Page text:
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The South Gardens, Festival Hall, and the Palace of Horticulture

If there is one portion of the Exposition building scheme that does not seem to "belong" to the main group of palaces, it is that which lies south of the Avenue of Palms, including the South Gardens, Festival Hall, and the Palace of Horticulture. The relation of the two buildings to the main courts and palaces is clear: Festival Hall terminating the cross axis through the Court of Abundance and the Court of Flowers; the Palace of Horticulture terminating the cross axis through the Court of the Four Seasons and the Court of Palms. But though the organic relationship is apparent, the least discriminating of critics can see that these buildings are of an architectural style not in harmony with the central group of palaces. Both structures lack that fine sense of proportion and that simple and impressive dignity which characterize the architecture of the courts; and both are more or less pretentious and ornate.

The South Gardens

The South Gardens, like the buildings, have a certain magnificence but at the same time lack any distinctive appeal. The three basins with their fountains are imposing, and the individual beds of flowers are gorgeous in their profuse massing of color; but the distances are so great, and the sense of enclosure that means so much to gardens is so far lacking, that the lover of formal gardening will be less satisfied here than at several other places in the grounds.

Sculpture. The sculpture of the South Gardens is all on the three fountains. The immense central group, the Fountain of Energy, already has been described. In the other two basins the Mermaid Fountain is repeated. This is an attractively ornate bit of decorative design, surmounted by the figure of a mermaid with a dolphin. The figure was modeled from designs by Arthur Putnam. It is typical of the fine strength of his work, and at the same time appealing by the grace of its sinuous lines.

Festival Hall

Festival Hall, designed for the many conventions and musical festivals of the Exposition period, is of typically French architecture of the modern school. The building is not unpleasing, but there is little about it to hold the interest. Robert Farquhar was the architect.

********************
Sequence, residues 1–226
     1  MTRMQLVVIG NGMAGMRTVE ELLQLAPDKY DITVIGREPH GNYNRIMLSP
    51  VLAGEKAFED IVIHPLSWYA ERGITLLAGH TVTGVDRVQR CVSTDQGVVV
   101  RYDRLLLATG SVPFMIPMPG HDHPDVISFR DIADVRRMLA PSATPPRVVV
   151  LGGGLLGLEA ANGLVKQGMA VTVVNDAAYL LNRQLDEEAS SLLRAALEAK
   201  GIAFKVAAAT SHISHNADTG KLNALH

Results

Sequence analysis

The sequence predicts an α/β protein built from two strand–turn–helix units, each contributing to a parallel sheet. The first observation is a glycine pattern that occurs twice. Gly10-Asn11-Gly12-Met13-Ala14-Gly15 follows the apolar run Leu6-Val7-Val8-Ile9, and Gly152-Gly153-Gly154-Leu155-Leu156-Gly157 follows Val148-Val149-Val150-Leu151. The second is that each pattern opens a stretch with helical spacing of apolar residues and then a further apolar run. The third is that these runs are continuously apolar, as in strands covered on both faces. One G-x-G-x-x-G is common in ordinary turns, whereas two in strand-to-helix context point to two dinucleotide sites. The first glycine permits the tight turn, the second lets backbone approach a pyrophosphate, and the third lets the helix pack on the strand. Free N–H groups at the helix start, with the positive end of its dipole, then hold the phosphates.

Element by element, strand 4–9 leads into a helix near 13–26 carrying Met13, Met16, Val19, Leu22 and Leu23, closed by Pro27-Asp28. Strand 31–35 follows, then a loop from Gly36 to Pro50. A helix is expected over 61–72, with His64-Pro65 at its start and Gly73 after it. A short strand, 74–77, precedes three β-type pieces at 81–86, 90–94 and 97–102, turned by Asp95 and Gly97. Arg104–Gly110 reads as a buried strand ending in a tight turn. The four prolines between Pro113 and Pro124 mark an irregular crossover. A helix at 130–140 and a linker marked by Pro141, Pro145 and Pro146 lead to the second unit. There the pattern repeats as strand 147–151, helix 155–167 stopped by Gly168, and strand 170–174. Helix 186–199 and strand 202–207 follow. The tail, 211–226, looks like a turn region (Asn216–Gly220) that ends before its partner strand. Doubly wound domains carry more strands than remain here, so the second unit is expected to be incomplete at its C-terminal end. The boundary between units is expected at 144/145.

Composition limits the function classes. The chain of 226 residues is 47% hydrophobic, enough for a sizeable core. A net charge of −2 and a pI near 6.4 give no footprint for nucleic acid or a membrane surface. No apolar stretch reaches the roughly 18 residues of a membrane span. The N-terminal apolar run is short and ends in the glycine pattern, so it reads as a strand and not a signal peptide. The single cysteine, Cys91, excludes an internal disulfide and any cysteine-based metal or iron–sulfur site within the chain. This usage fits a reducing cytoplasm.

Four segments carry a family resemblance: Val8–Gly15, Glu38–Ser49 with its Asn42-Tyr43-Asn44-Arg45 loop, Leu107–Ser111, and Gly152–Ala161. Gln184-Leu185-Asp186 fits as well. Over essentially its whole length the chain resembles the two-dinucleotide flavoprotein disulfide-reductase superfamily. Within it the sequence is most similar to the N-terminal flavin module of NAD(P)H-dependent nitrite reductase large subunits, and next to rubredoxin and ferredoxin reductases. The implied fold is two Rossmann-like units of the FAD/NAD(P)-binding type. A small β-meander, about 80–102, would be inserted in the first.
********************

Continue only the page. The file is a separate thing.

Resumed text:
Sculpture. All the sculpture on Festival Hall is the work of Sherry E. Fry. The figures are well suited to their purpose, from the slender "Torch-Bearer," surmounting the minor domes, to the heavy reclining figures on the pylons at the main entrance. Most of the statues are too roughly finished to have more than a decorative interest, but the two groups flanking the main stairway are worthy of study. These two "Flower Girls," one on either side, have a beautiful flowing grace. But quite the most appealing things here are the two minor figures before the pedestals on which the Flower Girls stand. Before the one at the north is a captivating boy Pan with a lizard. Half hidden in the shrubbery at the other side is the sitting figure of a girl, attractively immature and charming in line.

Palace of Horticulture

The Palace of Horticulture is characterized by that combination of Eastern and Western architectural motives which is so noticeable throughout the buildings. The dome is Byzantine, while the rest of the building is of Renaissance, or modern, French architecture. The dome considered alone is an almost perfect bit of design, beautifully proportioned and finely simple. The rest of the building is in general over-decorated, the portals especially being heavily loaded down with meaningless ornament. Apologists for the building say that the profuse ornateness rightly suggests the richness of California's horticulture. Perhaps the best view of the dome is from the east end of the Avenue of the Nations, near the Denmark building, because from there one can see it unobstructed, escaping the disturbing effect of the portals and their spires. The Palace of Horticulture was designed by Bakewell and Brown of San Francisco.

Sculpture. All of the sculpture here is purely decorative. The frieze at the base of each spire, consisting of heavy female figures modeled in pairs, is by E. L. Boutier. The ornamental Caryatides of the porches are by John Bateman.

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